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Have you created a product that isn’t selling? It is possible you do not understand your audience. Understand your audience by taking steps to figure out what they want and you will find creating and selling your products much easier.
I Did All The Right Things But My Thing Isn’t Selling
You have a product or service that you are passionate about and think everyone else will feel the same. You start marketing the product and to your surprise, no one is showing interest. You ask yourself why and probably think it isn’t fair. You feel like you are working so hard and doing all the things you think you should be doing. If you failed to understand your audience, you are missing the point.
It’s time to take a step back and think about whether you understand your audience and are speaking to the desires and wishes they have. You see, you will never get traction on marketing to someone who doesn’t care about what you offer.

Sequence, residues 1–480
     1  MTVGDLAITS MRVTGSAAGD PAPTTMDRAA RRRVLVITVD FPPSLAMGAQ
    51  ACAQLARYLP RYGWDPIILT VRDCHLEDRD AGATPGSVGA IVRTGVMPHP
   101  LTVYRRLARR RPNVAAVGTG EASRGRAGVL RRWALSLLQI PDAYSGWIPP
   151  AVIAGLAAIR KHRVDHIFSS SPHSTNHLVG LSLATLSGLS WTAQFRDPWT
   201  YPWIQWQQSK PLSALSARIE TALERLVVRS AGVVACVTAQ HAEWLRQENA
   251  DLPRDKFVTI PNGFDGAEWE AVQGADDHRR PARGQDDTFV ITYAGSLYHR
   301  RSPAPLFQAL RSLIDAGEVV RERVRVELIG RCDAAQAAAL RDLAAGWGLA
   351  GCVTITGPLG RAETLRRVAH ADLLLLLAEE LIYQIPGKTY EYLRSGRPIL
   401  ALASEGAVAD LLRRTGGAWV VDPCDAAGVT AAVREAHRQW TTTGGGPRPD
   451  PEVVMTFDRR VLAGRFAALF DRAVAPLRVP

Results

And when no one buys, it leaves us questioning our abilities, and no one wants that!
Many times when we go to market with a ready made product, we assume people will like it as much as we do. Maybe you created a fantastic course that has all the information you could think of about your topic. You know it is good stuff, and it probably is. Unfortunately, it may not matter. If you don’t have a course that solves a problem for your ideal customer, they won’t care. They will not have any need to put down dollars for your product.
It does not matter how good it is if no one wants it. It also doesn’t mean it is bad (or worse, that you are bad) if no one wants it. You just have to figure out what people want before trying to sell to them.
How Do I Know What People Want?
Before you can take the steps to understand your audience, you need to figure out who that is. Are you clear on who it is you want to work with? Are you clear on which audience your product is supposed to help?
If you already have a product you are selling, this means thinking about how your product or service benefits others. What problem does it solve for people? What would they get out of it if they were to purchase your offering?
For example, if you have a health product, you might think about: